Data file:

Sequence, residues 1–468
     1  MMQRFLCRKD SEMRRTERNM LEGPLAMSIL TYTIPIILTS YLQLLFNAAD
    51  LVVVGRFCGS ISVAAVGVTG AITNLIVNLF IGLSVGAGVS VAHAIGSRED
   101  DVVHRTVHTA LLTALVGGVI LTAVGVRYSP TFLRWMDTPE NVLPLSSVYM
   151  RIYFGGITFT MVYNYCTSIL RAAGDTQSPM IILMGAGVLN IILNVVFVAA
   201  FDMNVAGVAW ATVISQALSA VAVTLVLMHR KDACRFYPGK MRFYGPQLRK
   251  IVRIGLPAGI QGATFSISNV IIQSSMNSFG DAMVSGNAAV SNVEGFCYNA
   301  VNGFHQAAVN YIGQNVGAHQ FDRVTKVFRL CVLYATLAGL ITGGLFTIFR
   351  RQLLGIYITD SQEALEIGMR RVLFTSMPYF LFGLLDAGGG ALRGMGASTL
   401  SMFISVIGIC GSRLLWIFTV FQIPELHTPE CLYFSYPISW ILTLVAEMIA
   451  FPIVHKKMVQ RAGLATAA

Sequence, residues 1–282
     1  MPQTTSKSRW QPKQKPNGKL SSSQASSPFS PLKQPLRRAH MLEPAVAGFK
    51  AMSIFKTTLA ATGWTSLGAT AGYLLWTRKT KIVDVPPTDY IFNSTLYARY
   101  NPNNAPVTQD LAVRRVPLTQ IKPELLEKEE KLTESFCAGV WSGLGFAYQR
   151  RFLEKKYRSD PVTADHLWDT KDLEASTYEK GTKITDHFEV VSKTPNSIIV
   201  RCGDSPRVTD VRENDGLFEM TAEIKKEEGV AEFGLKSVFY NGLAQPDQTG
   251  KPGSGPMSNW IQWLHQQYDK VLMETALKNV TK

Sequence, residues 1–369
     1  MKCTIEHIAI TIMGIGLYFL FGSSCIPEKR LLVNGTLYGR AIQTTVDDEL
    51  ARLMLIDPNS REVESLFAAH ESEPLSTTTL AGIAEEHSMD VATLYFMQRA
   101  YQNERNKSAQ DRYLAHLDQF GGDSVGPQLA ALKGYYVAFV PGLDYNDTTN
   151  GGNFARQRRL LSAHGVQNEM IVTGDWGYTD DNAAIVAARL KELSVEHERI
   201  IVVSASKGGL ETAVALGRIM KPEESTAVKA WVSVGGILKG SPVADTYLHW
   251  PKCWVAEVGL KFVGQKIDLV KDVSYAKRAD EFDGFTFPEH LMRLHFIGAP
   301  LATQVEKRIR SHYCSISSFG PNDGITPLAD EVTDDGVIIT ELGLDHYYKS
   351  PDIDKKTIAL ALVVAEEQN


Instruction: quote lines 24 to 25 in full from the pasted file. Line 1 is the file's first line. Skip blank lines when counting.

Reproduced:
   201  IVVSASKGGL ETAVALGRIM KPEESTAVKA WVSVGGILKG SPVADTYLHW
   251  PKCWVAEVGL KFVGQKIDLV KDVSYAKRAD EFDGFTFPEH LMRLHFIGAP